Church Life,  World View

Pope Francis – Ten Years

Ten years ago this evening, I sat watching the white smoke rise from the chimney of the Sistine Chapel in Rome, indicating that a new Pope had been chosen. Millions of others around the world were similarly watching the news broadcasts with great interest and curiosity, wondering who this newly-elected Holy Father might be.

And then Cardinal Tauran, the Cardinal Protodeacon, came onto the loggia of the Basilica and uttered those words we all recognise – “Habemus Papam..”‘we have a Pope’. There was a momentary pause and then the name of the new Pope was declared – “Franciscus”. It was the first time a Pope had ever taken this particular name and it immediately conjured up images of St Francis of Assisi, the poor man who sought to rebuild the Church. How prophetic that would prove to be.

But which Cardinal had been chosen? Who was he? “Cardinale Jorge Mario Bergoglio”.

‘Who?’ asked almost the entire world, with a unified voice, closely followed by “from where?”.

Today, a full ten years on from that evening, we all know the Holy Father, Pope Francis. And he has lived up to the expectations which his regnal name suggested to us all.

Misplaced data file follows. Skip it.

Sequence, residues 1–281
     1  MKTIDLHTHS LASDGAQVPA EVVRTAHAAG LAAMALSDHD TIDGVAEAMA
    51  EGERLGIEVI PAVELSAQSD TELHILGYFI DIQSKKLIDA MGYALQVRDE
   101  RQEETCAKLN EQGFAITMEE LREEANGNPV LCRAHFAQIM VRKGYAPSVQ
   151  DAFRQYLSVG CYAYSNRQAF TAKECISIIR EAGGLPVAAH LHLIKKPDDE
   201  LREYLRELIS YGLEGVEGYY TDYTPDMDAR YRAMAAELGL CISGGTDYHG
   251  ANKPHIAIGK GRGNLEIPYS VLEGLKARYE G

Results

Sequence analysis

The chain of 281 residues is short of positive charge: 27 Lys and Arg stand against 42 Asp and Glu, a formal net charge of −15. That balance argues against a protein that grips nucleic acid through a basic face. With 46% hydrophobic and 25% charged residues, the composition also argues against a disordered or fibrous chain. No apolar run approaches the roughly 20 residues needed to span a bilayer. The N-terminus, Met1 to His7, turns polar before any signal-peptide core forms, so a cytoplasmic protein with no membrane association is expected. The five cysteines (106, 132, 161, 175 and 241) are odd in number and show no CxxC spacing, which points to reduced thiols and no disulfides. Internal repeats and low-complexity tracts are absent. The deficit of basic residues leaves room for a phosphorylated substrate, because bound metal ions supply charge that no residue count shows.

For me personally, I love this particular Pope very much indeed. I see in him the first Pope, Saint Peter; and I see within him the authentic light of the Gospel, a light which shines out upon the whole world. He has taught me about mercy – often in his words, but very powerfully in the example he sets before us day after day. This man asks us to do nothing which he does not do himself.

In his papacy, I see the gathering strength of the wind which blew through the Church at the Second Vatican Council – that wind is blowing today as the Pope reminds us what the Council taught and as he shapes the Church to more closely reflect those teachings.

In particular, I think of his teachings on holiness and on the duty every one of us has to respond to that ‘universal call to holiness’ which the Council placed before us – his document on this theme has profoundly affected me and I give thanks for that, even as I see myself failing so greatly over and over in trying to do something positive with it.

But for me he is, above all else, ‘The Pope Of Mercy’. He called the Jubilee of Mercy, which the Church so deeply needed in that moment as it needs it now. He opened wide the arms of the Church to all people, reminding us that it is a field hospital for the sick, not a museum for the perfect. Just as well, since there are so many of the former and so very few of the latter.

Today, I give very deep thanks for this Holy Father, God’s gift to His Church in these moments of human history, and exactly the gift we need; blessed be God for this.

May God bless you always, dear Holy Father, and may the Immaculate Heart of Mary smile upon you now and always.


Catholic | Retired Nurse | UK

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